Extradition is the process by which a person is transferred, often against their will, to face prosecution, trial or sentence in another country. Olliers act regularly for individuals abroad facing extradition to the United Kingdom, and can also advise and provide representation for those currently in the United Kingdom facing potential extradition to another country.
Extradition is a complex subject; early advice can have a huge impact on how cases are ultimately dealt with.
Extradition from the United Kingdom
Extradition legislation in the United Kingdom is enshrined in the Extradition Act 2003. Since it came into force, in 2004, the Act has been the subject of a plethora of caselaw, much of it argued in the High Court and Supreme Court.
Extradition from EU Member States & Gibraltar (Category 1 territories)
Extradition from EU Member States is subject to the provisions contained in Part 1 of the 2003 Act. Essentially, a European Arrest Warrant is examined and then certified by the National Crime Agency. Once certified, the subject of the warrant can be arrested and, on arrest, will be taken to Westminster Magistrates Court, the only court in England and Wales empowered to deal with the proceedings.
The Court will examine the warrant and, if in order, will then establish whether the subject of the European Arrest Warrant (EAW) consents to extradition. If they do not consent within 21 days there must be a full hearing, when the case can (and should) be argued properly. There are a number of ways in which the request for extradition can be successfully defended. We can discuss the law as it applies to your particular circumstances on request.
Extradition from non-EU Countries
Request from non-EU countries are dealt with in a similar fashion. At present there are over 100 non-EU states that are known as Category 2 territories. In essence, request for extradition are considered by a District Judge at Westminster Magistrates. If satisfied that the request is appropriate, a warrant for arrest is issued.
In addition to Category 1 and 2 territories there are numerous individual agreements with additional countries, allowing extradition, in certain circumstances, from the vast majority of the world. For obvious reasons, the position changes as an when political difficulties arise (or diminish).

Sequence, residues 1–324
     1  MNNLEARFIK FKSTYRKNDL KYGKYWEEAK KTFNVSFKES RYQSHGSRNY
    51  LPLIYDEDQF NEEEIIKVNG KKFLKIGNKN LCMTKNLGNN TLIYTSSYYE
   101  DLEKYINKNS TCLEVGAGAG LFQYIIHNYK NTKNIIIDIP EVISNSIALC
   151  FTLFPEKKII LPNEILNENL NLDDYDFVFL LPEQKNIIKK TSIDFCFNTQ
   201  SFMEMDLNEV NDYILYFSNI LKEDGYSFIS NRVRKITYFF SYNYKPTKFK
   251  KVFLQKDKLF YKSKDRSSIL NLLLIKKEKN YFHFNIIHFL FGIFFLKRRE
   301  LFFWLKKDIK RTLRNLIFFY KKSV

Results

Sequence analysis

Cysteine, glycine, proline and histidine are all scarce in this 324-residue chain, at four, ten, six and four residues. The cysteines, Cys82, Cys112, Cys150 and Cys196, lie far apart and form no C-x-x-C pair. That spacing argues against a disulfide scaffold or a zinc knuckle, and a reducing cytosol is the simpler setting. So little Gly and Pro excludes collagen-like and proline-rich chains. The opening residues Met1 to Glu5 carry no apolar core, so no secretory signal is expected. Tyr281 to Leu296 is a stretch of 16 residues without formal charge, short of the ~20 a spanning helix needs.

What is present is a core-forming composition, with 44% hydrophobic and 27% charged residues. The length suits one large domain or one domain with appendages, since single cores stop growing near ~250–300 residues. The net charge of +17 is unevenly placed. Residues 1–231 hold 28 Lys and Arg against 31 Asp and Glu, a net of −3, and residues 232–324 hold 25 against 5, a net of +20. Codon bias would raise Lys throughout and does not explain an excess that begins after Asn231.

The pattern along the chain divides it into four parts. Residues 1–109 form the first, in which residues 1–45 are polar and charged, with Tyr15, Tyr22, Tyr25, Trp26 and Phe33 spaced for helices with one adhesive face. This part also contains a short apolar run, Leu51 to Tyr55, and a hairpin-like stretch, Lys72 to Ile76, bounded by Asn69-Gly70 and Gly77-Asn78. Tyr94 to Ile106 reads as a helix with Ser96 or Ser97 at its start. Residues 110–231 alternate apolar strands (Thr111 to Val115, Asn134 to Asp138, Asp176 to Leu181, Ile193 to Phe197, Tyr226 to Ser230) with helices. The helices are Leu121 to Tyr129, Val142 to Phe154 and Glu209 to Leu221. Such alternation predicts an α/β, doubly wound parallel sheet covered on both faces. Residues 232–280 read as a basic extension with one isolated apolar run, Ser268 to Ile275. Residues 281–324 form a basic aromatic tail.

As one can imagine, extradition from the UK can sometimes happen extremely quickly and can lead to immense difficulties, not only for those concerned but also their family, often settled in the United Kingdom. Olliers’ lawyers are on hand to offer expert advice both prior to, and after arrest following the issue of a warrant for arrest.
Olliers instruct barristers experienced in a wide range of extradition cases.
Extradition from the UK is subject to the prosecution overcoming a number of hurdles, set out by the 2003 Act. It is therefore vitally important that you instruct us as soon as you are aware of potential proceedings.
Extradition to the United Kingdom
Extradition to the UK is sought when an alleged crime has been committed in the UK and the defendant is believed to be resident in a foreign country.
Again, Category 1 territories and Category 2 territories are dealt with under different provisions of the 2003 Act; however, in short, an extradition request to an EU member state is normally by way of a European Arrest Warrant (EAW). A request to a Category 2 state is made through the Secretary of State to the member state where the suspect is alleged to reside. Similarly, ad-hoc arrangements can be put in place in cases where a suspect is in a country with whom there is no specific agreement – although in practice this is rarely done.
Once arrested, the extradition hearing is dealt with under the relevant state’s own law, their prosecutor acting on behalf of the United Kingdom. Again, the defendant is asked whether they consent. If not, a separate hearing determines whether extradition is appropriate. Early advice is essential. Many foreign jurisdictions operate systems whereby the lawyer representing you (if provided by the state) may have no experience of extradition law (or the basis on which you could defend the request!)
Olliers has links to lawyers in foreign countries and as such can liaise with them should you be detained following the issue of a European Arrest Warrant. We will ensure you are represented to the highest of standards should you have the misfortune to be detained abroad. We will begin the preparation of your case as soon as possible. Often, early preparation of the proceedings in the United Kingdom can assist in the argument against extradition.
We have a team of lawyers on hand to advise you should you be concerned in relation to extradition to the UK to face criminal charges. We are regularly instructed by clients in foreign countries who are wanted in the UK.
Extradition law is complex and it is advisable that you obtain legal representation at an early stage. We, at Olliers, pride ourselves on preparing our clients for every eventuality and the key to our success is taking a pro-active approach early and effectively. Click here to read more.